Photographer finds her passion, goes back to school

July 25, 2013

From hngnews.com: “Tribune Profile — Taryn Meinholz: She photographs special moments” — Taryn Meinholz has two passions: her 5-year-old daughter, Tenlee, and her photography. Graduating from Middleton High School, Meinholz didn’t have any idea of what she wanted to do from then on. She attended Madison Area Technical College for general computer classes before she decided to move to Lake of the Ozarks, Mo. She became an office manager at a construction and roofing company.

“It was awesome waking up on a lake. It was like being on vacation,” Meinholz said.

But reality set in and she returned home. In 2008, Meinholz welcomed her daughter, Tenlee, to the world. After her daughter’s birth, Meinholz began snapping photos.

“I wanted to capture every moment,” Meinholz said.

When she developed the pictures, Meinholz noticed she had a knack for taking pictures that she wasn’t aware of before. She went ahead and purchased her first Digital Single Lens Reflex (or DSL) camera, a move up from her point and shoot device. She also accepted a job at Wisconsin Mutual Insurance Company in policy services. She enjoyed the job but found it not to be as satisfying as when she first started. If she was going to make any changes and give up time with her daughter, she knew it would have to be for something she really loved doing.

Meinholz was enjoying her new camera so much she decided to enroll in MATC’s photography program. After being on the waiting list for one and half years, Meinholz received her acceptance letter and then hesitated, questioning her willingness to commit to this major endeavor.

With a “if I don’t do it now, I never will” attitude, Meinholz went full speed ahead becoming a full-time student with a part-time job.

“My family and work were very supportive,” Meinholz said. “I committed myself to get through in two years.”

Classes included lighting, Photoshop and editing, as well as video classes among others. Students were required to shadow a professional photographer to execute all the processes that were learned in the classroom, observe the work flow and body language of a professional studio.

Meinholz started taking extended family photos and used friends for school projects. She graduated in 2012 staying true to her two-year timeframe.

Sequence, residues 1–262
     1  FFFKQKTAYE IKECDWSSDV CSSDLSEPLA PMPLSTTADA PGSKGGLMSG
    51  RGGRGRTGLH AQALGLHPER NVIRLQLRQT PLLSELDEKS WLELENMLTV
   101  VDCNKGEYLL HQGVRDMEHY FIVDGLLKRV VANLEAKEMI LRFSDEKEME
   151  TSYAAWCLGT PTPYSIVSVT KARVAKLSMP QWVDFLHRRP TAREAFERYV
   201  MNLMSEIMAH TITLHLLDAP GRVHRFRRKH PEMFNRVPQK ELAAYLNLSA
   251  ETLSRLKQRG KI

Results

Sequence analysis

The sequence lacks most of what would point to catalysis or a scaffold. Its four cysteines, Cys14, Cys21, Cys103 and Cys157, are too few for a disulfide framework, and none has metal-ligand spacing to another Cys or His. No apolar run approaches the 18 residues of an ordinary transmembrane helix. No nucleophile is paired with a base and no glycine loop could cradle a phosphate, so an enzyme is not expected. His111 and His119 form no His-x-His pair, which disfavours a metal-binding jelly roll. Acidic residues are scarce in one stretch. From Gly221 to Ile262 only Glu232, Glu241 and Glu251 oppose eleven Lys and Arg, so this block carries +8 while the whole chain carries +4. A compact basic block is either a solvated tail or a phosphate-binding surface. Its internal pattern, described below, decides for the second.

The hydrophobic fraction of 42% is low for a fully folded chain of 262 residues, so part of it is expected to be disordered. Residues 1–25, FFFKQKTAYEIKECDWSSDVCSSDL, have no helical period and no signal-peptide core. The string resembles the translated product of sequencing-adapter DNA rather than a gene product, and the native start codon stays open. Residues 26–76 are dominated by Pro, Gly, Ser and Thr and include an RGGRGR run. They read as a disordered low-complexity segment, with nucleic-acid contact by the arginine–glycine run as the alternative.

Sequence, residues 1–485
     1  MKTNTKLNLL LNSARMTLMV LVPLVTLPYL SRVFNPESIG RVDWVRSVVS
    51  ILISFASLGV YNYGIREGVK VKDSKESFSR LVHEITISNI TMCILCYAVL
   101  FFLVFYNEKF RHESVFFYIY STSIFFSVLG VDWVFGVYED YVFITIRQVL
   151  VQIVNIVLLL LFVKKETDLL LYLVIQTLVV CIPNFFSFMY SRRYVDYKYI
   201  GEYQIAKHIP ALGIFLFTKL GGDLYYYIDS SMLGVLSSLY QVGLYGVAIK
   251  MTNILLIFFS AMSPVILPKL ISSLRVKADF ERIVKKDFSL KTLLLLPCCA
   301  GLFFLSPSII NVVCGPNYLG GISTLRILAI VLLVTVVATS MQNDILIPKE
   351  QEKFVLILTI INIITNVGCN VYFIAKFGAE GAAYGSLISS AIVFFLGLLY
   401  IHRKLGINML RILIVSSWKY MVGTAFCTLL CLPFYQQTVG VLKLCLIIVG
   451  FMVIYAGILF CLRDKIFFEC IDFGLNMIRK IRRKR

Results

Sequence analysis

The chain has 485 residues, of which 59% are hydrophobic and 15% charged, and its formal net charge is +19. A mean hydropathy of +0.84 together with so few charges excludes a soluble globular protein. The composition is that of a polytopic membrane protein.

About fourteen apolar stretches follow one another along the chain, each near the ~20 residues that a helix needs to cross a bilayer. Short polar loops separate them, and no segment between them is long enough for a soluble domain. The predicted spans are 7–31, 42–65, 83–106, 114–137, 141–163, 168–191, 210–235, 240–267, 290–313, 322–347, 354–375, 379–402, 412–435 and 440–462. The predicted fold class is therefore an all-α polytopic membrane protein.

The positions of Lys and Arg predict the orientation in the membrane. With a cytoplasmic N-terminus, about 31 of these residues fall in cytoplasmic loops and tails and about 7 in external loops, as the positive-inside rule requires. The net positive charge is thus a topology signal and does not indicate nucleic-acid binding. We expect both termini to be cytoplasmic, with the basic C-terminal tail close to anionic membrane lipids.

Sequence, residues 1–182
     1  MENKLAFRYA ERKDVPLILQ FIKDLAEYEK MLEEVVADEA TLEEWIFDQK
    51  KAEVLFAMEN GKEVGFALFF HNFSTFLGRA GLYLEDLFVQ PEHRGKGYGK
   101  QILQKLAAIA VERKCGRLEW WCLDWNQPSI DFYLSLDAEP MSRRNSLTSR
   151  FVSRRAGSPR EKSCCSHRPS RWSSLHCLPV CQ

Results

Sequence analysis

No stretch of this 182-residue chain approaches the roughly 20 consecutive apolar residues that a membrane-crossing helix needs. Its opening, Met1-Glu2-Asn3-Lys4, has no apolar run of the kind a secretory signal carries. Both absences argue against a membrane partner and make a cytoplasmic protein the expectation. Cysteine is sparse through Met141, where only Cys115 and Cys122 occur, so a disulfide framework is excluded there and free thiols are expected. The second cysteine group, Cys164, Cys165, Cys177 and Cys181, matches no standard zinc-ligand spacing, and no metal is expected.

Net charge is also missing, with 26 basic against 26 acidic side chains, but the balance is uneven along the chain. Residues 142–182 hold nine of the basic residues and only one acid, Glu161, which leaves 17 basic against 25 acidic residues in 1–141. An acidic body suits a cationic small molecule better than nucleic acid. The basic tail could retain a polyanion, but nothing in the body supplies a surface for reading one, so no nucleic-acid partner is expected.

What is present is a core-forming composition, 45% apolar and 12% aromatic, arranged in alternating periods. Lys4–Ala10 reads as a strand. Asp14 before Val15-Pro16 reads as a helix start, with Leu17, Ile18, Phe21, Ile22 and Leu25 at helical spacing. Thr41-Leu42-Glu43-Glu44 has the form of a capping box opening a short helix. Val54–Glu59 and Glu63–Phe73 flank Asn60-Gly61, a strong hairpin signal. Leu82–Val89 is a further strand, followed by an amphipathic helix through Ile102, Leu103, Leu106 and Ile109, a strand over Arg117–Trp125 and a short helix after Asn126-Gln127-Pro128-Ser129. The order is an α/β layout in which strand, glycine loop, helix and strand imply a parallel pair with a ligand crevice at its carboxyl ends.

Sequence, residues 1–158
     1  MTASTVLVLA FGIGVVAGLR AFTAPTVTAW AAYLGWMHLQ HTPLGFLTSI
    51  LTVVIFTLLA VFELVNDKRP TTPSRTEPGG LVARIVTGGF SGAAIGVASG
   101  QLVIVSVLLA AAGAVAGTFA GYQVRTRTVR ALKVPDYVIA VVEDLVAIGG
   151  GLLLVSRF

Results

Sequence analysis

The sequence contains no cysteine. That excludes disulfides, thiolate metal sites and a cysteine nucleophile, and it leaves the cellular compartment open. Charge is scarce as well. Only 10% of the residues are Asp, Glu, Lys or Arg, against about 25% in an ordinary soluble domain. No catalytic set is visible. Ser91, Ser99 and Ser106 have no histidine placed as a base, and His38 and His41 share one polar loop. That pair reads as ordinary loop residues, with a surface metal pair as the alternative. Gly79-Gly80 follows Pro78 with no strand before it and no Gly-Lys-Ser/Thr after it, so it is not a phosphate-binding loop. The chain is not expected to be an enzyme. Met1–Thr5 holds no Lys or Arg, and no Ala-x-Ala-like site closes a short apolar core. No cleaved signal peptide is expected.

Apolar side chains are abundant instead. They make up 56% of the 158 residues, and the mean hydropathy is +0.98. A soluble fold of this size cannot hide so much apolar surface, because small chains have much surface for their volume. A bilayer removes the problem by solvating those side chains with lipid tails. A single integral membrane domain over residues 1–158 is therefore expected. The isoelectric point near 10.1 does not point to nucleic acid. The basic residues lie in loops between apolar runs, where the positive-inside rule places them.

“We were the first class to graduate all-digital,” Meinholz said.

Meinholz has learned her camera inside and out, but it is can still be a challenge to be quick in full manual mode.

Blending together all she learned, Meinholz dove head first into the real world of photography and started accepting wedding assignments. An acquaintance trusted her enough to give her the opportunity. With only a mock wedding experience during school, Meinholz’s first actual wedding was very nerve racking. Meinholz brought a fellow student for moral support and picture backup.

“Weddings can be a one-shot opportunity. I can’t tell the bride I missed the first kiss or that my hard drive crashed,” Meinholz said.

All turned out well and with that trust came the confidence to keep going. This year, Meinholz has 13 weddings booked for summer and fall. And she enjoys every minute of it.

“I tell the brides. ‘Don’t be offended, but I’m the boss,’ ” Meinholz said. “Bride’s don’t realize how fast the day goes.”

There is a timeline for the day and expectations of the bride and groom of certain pictures. Family pictures are done right away before everyone goes in different directions. Meinholz recognizes the important parts of the wedding and then she likes to fill in with small unexpected details, and everyone is pleasantly surprised. As time goes on, Meinholz feels more laidback and prepared.

“I don’t stress out. I want it to be fun for the bride and me,” Meinholz said.

Weddings can end up being a 14-hour day taking three hours to upload pictures with six to 10 hours of editing.

“I love to present the end result,” Meinholz said.

Meinholz works out of her home where she rents a farmhouse with her sister. Most of her work is done in natural lighting. Portraits are her favorite whether they are senior pictures or family events.

“I love being able to capture personalities,” Meinholz said.

But she has to remind herself that clients aren’t models.

“Clients don’t know what makes a good picture,” Meinholz said.

As the professional, Meinholz needs to convey what does. Meinholz gets her own picture taken once in a while just to remember what it’s like to be the client.

Meinholz loves taking pictures of children.

“I love having a 2-year-old in a field, and the parents and I are doing all kinds of things for that one smile. It’s very entertaining,” Meinholz said.

Friends are beginning their families and taking photos of newborns also thrills Meinholz. Meinholz continues working part time for Wisconsin Insurance. Acquiring different professional equipment, such as extra lenses, can be a major investment.

“It’s very rewarding. It is so unexpected for me to have this passion and be recognized for it. I would not be here without the support of my family. They take up a lot of my slack, but they love every minute of it. It keeps us close,” Meinholz said.

Most of Meinholz’s free time is spent with her first and favorite photographic subject, her daughter.

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